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Abstract

Socioeconomic trends for a primarily black and poor urban area, Roxbury, Massachusetts, are compared to those of the surrounding city of Boston and the Boston Standard Metropolitan Statistical Area (SMSA) for the period 1960 to 1985. Patterns in income, poverty, labor force participation, educational attainment, and racial composition are examined for each of the three areas. The chief purpose of the analysis is to determine the nature of gaps between Roxbury residents and the rest of the metropolitan area as well as the ways in which such gaps have changed over time.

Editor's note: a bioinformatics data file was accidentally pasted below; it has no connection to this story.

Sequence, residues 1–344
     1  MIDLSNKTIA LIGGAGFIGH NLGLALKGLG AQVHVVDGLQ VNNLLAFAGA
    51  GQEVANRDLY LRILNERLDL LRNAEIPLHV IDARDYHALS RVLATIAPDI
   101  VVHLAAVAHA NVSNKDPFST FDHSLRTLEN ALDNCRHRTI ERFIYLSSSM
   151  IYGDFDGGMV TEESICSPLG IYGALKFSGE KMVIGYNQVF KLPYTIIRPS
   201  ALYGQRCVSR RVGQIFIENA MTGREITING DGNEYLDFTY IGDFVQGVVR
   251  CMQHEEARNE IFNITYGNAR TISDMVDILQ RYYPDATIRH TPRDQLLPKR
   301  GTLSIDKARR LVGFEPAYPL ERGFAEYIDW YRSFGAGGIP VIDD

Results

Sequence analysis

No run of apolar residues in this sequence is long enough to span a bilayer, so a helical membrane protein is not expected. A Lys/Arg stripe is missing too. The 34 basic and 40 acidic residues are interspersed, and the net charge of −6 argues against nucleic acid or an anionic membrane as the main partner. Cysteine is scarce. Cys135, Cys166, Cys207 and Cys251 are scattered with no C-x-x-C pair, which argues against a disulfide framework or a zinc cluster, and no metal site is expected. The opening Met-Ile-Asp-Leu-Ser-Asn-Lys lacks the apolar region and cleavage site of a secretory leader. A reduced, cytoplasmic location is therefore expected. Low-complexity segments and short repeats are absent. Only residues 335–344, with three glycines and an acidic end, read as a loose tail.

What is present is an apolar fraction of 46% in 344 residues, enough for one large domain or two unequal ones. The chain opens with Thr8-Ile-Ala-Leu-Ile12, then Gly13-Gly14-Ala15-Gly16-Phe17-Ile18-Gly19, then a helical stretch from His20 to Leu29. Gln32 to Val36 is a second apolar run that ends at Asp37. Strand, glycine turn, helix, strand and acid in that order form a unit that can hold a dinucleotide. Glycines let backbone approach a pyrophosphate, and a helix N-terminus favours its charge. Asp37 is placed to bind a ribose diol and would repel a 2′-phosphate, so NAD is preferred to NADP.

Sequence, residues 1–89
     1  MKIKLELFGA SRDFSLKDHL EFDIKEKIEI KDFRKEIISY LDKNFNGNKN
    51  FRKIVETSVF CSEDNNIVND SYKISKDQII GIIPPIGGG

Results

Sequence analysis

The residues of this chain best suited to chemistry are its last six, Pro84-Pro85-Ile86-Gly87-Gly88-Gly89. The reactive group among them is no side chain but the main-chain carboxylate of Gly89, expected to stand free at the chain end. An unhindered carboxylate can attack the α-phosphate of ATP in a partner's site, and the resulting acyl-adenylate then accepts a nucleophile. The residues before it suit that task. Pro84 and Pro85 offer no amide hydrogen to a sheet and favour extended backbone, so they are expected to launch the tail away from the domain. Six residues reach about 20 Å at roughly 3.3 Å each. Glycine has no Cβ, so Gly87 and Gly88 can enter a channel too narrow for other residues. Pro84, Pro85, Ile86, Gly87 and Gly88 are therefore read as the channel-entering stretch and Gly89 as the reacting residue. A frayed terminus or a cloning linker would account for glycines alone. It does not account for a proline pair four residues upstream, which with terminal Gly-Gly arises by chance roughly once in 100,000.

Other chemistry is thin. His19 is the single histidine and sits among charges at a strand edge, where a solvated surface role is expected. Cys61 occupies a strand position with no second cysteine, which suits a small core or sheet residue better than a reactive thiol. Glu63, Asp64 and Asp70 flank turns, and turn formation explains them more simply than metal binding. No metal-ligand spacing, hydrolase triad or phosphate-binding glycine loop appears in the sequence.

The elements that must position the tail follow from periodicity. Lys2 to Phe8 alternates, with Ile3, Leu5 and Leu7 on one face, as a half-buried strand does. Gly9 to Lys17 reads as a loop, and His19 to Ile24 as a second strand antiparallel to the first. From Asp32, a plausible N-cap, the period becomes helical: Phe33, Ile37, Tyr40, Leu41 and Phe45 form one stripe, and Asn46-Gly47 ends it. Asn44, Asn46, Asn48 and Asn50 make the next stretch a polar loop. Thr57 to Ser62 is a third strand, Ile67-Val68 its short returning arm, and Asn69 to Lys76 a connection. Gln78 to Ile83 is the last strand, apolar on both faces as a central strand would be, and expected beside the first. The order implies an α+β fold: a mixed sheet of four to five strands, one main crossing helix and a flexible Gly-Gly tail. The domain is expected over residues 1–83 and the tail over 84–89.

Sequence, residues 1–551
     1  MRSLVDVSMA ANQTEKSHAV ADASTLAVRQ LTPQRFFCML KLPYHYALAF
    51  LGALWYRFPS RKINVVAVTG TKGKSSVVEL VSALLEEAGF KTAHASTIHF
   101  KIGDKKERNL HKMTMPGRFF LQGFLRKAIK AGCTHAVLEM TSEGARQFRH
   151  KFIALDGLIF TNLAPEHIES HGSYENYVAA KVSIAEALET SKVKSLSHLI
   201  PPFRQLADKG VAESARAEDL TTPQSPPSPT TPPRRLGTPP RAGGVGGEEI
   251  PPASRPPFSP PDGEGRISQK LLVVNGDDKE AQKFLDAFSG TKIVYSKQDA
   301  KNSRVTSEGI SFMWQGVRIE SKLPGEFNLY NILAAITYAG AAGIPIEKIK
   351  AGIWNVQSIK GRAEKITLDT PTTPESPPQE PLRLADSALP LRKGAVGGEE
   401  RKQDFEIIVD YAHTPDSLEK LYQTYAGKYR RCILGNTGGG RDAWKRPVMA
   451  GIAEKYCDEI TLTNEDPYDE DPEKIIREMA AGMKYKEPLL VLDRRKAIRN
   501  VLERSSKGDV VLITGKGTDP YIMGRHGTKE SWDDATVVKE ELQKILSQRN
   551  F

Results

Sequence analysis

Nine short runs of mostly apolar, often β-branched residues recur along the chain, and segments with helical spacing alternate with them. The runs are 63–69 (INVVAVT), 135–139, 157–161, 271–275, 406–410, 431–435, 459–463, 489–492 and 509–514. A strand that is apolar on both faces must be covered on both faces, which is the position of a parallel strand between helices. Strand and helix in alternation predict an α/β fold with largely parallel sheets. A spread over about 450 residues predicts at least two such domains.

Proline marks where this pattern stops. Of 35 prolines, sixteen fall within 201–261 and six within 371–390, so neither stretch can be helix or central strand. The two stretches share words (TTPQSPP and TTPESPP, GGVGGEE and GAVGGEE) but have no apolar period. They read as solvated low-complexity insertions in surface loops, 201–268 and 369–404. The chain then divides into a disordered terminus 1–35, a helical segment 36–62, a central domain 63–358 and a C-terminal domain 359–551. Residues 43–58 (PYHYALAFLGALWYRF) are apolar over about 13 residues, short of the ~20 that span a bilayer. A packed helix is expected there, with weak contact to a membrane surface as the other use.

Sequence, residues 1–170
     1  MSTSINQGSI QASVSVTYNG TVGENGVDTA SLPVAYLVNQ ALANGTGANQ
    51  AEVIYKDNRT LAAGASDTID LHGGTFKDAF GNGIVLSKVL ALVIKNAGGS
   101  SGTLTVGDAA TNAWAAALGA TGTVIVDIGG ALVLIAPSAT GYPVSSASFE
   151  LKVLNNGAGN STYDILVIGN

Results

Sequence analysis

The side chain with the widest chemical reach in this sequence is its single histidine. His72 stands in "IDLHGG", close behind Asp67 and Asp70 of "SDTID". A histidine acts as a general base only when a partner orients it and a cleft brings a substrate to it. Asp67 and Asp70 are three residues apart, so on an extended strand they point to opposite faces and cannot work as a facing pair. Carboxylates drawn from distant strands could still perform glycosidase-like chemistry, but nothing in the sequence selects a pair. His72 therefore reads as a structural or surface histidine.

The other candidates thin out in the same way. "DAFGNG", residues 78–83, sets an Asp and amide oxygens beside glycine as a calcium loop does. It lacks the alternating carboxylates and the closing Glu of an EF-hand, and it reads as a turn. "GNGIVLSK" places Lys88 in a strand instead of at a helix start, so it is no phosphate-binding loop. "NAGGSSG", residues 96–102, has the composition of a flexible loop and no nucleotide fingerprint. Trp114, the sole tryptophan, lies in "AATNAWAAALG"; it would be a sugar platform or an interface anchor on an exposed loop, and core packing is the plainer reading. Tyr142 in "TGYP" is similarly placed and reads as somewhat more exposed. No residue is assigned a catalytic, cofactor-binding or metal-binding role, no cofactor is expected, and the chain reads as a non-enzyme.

The findings indicate that, despite growth in income, labor force participation, and educational achievement and the presence of a black middle class, Roxbury residents on the whole have tended to fall further behind residents in the city and the SMSA. The income gap in particular has widened substantially, and the incidence of poverty remains at an extremely high level. There is also evidence of an underclass. Structural explanations are offered for the existence of and increase in poverty, and policy implications are explored.

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